Bilateral nuclear disarmament strategies after the Ossetian conflict: A personal perspective

One of my second or third reactions to the news last Friday was shock over the impact on our agenda that depends so heavily upon establishing a positive relationship between the US and Russia. I have been avoiding being pessimistic in public because that doesn’t help anyone, but it really doesn’t look good. From my perspective, though, while the Russian response on Friday was undoubtedly disproportionate, it would be wrong to characterize this as Russia displaying a disinterest in negotiations with the United States and instead challenging democracy head-on. Indeed, I would say it is still far too early to draw any such conclusions about attitudes in the next few months, from the Russian side. Actually, the situation has made me more pessimistic about the willingness of the United States government and eastern European allies to deal with Russia, rather than the other way around.

An alternative viewpoint to the official transatlantic story on all of this can be read in today’s Guardian from its recent Comment Editor in Chief Seumus Milne. I think he’s wrong, though, because the longer-term impacts of this war may yet run in favor of Georgian attempts to face West. This is my biggest fear: that the West senses potential longer-term strategy of isolation with Russia, with a return of a new unbalanced Cold War. We see this in today’s announcement that the US and Poland have now agreed to the construction of missile defence batteries – they may even be explicitly facing Russia now.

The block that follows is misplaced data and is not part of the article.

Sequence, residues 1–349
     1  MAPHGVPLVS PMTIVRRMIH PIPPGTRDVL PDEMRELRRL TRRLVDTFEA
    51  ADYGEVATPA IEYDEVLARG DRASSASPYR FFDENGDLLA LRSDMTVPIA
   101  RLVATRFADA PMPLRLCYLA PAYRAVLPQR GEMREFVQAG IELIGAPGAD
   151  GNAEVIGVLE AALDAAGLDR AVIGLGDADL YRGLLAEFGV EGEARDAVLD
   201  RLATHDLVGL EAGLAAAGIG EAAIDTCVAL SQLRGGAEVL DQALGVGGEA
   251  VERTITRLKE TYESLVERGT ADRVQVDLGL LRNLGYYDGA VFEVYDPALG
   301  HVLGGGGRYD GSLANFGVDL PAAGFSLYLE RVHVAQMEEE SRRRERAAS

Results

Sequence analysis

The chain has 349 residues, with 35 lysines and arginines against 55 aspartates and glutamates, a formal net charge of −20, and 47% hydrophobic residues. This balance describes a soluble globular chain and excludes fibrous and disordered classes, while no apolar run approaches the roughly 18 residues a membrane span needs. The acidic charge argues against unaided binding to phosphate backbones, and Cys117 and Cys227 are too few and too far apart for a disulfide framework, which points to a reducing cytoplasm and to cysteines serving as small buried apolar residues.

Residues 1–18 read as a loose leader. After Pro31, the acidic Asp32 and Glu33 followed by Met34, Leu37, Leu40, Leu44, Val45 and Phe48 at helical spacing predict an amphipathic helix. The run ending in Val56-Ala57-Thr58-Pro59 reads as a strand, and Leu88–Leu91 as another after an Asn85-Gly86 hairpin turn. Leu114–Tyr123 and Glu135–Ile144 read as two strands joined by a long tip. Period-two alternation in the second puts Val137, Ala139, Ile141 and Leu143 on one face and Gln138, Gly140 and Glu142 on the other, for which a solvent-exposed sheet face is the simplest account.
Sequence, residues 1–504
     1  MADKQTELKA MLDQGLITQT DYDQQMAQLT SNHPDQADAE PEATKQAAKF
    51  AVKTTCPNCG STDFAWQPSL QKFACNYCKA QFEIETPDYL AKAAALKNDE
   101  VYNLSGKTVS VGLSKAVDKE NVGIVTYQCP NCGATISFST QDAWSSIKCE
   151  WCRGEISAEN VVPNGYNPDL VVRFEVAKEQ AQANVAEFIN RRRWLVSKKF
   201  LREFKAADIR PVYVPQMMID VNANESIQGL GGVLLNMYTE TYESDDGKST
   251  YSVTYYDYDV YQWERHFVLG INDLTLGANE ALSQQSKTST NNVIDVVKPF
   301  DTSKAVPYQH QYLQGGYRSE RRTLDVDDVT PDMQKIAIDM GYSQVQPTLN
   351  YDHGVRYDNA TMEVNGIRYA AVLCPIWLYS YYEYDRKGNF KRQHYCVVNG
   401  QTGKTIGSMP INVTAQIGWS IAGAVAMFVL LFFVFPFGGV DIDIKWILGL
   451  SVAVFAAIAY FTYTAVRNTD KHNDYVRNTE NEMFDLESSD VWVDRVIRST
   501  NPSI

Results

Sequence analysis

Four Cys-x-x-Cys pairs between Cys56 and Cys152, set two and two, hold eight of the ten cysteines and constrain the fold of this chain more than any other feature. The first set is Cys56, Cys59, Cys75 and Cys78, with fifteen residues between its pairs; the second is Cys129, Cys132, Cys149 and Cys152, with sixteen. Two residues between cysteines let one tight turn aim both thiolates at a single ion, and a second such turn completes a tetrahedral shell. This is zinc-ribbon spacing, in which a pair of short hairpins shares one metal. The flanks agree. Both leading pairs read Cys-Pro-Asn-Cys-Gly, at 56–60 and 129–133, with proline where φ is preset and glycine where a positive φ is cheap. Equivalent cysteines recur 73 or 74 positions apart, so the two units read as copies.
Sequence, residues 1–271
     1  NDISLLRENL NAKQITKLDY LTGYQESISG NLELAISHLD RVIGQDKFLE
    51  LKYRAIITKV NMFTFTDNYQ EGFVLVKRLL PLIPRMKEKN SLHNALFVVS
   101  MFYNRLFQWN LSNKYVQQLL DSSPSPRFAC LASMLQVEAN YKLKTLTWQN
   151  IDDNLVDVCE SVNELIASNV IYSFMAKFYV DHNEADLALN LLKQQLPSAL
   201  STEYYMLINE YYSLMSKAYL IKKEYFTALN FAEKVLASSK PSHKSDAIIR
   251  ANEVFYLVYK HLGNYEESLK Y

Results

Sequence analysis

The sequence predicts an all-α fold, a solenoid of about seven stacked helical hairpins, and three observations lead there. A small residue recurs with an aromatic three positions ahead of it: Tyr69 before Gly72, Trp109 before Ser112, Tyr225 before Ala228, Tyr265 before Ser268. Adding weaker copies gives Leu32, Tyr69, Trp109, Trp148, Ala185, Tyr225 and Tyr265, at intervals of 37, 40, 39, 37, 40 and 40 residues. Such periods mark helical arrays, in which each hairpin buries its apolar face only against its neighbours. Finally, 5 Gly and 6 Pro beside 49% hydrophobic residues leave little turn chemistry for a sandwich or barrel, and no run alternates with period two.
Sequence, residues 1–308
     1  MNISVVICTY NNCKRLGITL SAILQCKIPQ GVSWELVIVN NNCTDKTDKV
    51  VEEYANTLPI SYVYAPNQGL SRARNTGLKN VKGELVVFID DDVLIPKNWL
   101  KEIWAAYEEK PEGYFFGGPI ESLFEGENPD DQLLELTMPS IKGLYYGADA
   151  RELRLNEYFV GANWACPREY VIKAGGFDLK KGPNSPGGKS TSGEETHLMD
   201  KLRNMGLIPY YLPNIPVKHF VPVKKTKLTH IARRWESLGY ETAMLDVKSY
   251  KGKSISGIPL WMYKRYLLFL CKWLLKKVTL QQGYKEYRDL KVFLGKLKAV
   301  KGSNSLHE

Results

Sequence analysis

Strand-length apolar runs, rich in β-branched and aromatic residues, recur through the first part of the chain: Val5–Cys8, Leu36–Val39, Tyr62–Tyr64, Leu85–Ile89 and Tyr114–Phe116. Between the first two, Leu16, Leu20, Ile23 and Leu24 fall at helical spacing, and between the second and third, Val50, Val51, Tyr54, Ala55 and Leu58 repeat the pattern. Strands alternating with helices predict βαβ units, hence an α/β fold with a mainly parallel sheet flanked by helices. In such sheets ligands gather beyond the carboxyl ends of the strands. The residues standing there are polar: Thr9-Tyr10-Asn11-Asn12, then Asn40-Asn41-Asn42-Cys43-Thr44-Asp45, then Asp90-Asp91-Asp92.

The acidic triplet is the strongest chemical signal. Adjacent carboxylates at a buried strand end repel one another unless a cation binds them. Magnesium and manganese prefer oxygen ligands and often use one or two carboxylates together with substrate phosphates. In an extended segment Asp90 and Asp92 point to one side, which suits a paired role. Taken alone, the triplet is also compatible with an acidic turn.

Any revival of a face-down against Russia could well have been caused by our own attempts to impose our model and interests in the region, as described by Seumus Milne. I have a strong distrust of the current Russian regime; it displays authoritarian tendencies that are profoundly concerning. But today’s threat from Robert Gates that relations with Russia will suffer for years to come takes the dispute to new heights and is profoundly disproportionate. If we cut them off it will be more our own doing and will be the most profound foreign policy mistake of the 21st century (worse than the Iraq war).

So there’s plenty to do from our side to avoid the slide towards greater nuclear danger, and I think it would be a mistake to try to move forward independently of the Russians. This would only magnify the isolation and would be fiddling at the edges. We cannot go forward in establishing progress towards nuclear disarmament without Russia, and if the West were able to be mature about this and change its failed strategy of isolation with any country that doesn’t play by its rules, we still have a chance.

We do need to reassess our strategy, we have to continue (perhaps even more than before) to reach out to Russia. The work needs to be done on our side at least as much as on the Russians.

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